Problems of Democratization: A Comparative Theoretical and Applied Study

 The Arab Center for Research and Policy Studies has published a new book by Azmi Bishara, Problems of Democratization: A Comparative Theoretical and Applied Study, which provides a summarization of a complex research journey, starting from modernization theories and criticism as the starting point of transition studies, through to 1970s studies of transition to democracy. The book moves on to investigate the outcomes of transition experiences in Arab countries that have hosted revolutions and popular uprisings in an applied study. It determines that transition studies as a field has significant limitations and provides theoretical conclusions as an Arab contribution to the theory of democratic transition. 

The book (624 pp) consists of 16 chapters split into four sections. The first section, comprising five chapters, is titled “The Roots of Transition Studies in Modernisation Theory”. Chapter 1 deals with modernisation theory’s purported “structural conditions” for modernity, which the author contends involve conflation of the conditions under which democracy first arose and the conditions for its existence; he also points out that this idea has been used to justify despotism outside Europe. In Chapter 2, Bishara discusses the concept of legitimacy and its links to democracy, emphasising that while major cleavages in society must be addressed, it is not diversity in itself that is the problem but the politicisation of difference via identity politics. In Chapter 3 he discusses the modernists’ idea of how transition happens, tracing the roots of many of transition theory’s insights to modernisation theory. Chapter 4 contends with the historical role of the bourgeoisie, demonstrating that there is no necessary link between democracy and capitalism, but that modern democracy does require distribution of economic power. Chapter 5 provides an all-round critique of the modernisation approach. The second section of the book, titled “Transitology”, comprises five chapters. 

Chapter 6 introduces the field of transitology. Chapter 7 traces the history of the discipline, emphasising several important recurring insights about the importance of agreement on the state and of rights and institutions. Chapter 8 discusses how the various types of authoritarian regime differ and how this affects the form taken by democratic transition. Chapter 9 addresses critiques of the transition paradigm, which the author denies exists, with responses to all of the major critiques. Chapter 10 returns to the point about consensus on the state, discussing the role of state, nationality and citizenship in democratic transition.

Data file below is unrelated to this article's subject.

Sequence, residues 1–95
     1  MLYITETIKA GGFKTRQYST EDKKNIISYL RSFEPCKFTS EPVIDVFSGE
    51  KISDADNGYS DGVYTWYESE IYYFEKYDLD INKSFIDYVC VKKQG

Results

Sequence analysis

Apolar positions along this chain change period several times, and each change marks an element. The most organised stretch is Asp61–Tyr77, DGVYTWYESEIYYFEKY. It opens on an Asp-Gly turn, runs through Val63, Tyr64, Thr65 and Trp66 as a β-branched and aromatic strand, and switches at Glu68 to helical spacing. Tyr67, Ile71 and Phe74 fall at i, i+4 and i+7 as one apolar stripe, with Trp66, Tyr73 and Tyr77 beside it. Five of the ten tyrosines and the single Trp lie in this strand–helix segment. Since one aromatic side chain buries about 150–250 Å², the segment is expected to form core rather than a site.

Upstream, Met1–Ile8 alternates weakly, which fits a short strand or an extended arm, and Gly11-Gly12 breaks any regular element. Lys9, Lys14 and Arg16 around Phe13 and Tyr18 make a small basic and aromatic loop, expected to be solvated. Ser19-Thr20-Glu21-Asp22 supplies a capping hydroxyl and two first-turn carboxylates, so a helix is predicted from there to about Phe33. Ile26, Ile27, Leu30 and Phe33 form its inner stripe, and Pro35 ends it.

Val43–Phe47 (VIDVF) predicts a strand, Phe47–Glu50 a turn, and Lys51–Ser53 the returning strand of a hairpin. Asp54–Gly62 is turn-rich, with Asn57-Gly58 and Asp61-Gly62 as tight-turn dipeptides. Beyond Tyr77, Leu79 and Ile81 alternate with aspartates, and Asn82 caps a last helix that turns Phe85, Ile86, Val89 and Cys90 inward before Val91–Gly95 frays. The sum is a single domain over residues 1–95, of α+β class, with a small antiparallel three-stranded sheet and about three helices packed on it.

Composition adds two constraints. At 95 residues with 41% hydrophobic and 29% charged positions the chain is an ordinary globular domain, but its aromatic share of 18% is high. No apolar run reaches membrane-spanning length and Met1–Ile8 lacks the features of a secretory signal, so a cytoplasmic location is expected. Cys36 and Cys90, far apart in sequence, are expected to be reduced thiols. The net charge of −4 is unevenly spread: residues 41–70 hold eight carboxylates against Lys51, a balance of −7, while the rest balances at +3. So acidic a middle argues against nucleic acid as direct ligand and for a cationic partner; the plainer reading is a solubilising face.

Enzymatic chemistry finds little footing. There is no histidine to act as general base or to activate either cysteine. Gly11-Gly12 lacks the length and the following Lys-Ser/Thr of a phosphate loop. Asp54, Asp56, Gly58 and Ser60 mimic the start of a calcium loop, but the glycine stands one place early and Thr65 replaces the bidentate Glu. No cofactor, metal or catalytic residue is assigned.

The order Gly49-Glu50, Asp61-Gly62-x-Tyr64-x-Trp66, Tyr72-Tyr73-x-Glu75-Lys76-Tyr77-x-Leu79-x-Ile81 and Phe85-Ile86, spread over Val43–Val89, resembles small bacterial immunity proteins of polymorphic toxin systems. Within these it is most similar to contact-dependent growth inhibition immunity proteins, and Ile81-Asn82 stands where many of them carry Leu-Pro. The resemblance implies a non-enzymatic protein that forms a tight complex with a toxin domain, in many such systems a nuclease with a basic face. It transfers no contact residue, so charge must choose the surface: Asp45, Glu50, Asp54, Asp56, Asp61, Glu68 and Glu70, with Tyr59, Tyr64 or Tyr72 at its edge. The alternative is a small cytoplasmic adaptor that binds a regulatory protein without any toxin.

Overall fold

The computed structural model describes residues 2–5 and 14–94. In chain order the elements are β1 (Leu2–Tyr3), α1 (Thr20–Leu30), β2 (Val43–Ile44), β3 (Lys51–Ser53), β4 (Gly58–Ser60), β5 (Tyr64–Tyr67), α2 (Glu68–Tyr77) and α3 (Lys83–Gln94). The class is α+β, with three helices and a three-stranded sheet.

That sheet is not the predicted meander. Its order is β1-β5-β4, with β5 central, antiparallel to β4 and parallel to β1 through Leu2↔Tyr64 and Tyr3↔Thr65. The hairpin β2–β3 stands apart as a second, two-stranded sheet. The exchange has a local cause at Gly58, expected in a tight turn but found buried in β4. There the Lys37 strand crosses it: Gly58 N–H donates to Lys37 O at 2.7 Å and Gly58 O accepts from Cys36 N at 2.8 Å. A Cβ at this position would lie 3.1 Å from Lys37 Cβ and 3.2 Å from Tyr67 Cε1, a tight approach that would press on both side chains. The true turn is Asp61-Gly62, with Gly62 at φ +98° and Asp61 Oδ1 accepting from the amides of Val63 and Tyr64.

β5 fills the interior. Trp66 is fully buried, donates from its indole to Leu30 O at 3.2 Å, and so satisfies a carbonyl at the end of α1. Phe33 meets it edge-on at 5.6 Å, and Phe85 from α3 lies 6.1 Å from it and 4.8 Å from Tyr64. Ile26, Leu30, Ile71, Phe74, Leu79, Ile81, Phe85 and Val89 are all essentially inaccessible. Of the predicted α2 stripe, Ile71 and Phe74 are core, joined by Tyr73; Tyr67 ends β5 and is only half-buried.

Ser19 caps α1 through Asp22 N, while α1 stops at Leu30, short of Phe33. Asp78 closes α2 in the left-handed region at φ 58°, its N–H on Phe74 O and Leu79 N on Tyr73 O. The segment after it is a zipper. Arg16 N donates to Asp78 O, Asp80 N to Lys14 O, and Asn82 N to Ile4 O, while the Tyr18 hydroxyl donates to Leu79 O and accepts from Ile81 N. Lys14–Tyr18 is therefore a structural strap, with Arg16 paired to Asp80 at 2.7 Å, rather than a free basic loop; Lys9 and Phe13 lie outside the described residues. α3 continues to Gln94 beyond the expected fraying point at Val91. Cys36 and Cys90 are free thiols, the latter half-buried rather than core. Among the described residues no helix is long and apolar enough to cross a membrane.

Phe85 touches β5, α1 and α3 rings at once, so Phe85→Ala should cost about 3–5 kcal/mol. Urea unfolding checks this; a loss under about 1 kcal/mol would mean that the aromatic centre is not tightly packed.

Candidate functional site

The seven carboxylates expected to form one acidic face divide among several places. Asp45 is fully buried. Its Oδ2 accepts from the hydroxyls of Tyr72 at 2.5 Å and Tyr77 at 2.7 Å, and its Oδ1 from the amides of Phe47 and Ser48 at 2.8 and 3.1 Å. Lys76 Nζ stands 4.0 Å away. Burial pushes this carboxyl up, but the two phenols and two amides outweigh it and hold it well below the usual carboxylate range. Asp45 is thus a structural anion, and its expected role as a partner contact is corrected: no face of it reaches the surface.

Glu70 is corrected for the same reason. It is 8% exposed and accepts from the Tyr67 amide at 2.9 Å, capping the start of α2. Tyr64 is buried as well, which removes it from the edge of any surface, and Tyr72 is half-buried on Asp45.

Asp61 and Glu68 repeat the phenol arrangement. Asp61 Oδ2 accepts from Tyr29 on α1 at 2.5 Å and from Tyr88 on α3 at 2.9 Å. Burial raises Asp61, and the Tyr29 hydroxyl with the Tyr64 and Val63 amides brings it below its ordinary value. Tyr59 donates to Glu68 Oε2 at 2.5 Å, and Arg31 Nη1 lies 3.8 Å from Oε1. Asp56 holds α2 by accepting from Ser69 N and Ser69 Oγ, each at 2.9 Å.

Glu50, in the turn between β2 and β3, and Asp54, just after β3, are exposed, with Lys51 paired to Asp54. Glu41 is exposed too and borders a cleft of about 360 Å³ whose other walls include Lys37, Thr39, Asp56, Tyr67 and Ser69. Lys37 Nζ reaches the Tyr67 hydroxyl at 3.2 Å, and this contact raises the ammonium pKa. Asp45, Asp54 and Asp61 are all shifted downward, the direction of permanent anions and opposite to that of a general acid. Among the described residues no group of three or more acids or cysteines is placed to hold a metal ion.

The third section, “the External Factor and the Culture Question”, comprises two chapters. Chapter 11 discusses the role of external factors in impeding or supporting democratic transition. Chapter 12 deals with established norms and political culture and their importance to the democratic transition process. 

The fourth section, “Theoretical Insights from Arab Experiences”, comprises four chapters. Chapter 13 discusses the differences between revolution and reform, emphasising the need for Arab theoretical contributions and the shortcomings of the western insistence on understanding civil society as NGOs. It asks why Arab regimes have been able to maintain control even after beginning reform processes, contrary to the predictions of theory. Chapter 14 addresses the use of violence in the state-building process, the effects of this on state stability, and the specificity of the Arab despotisms. Chapter 15 discusses the importance of the army to regime coherence, using case studies from Chile and Egypt. The book ends with Chapter 16, which conducts a thoroughgoing comparison of the revolutionary and transitional experiences of Egypt and Tunisia.

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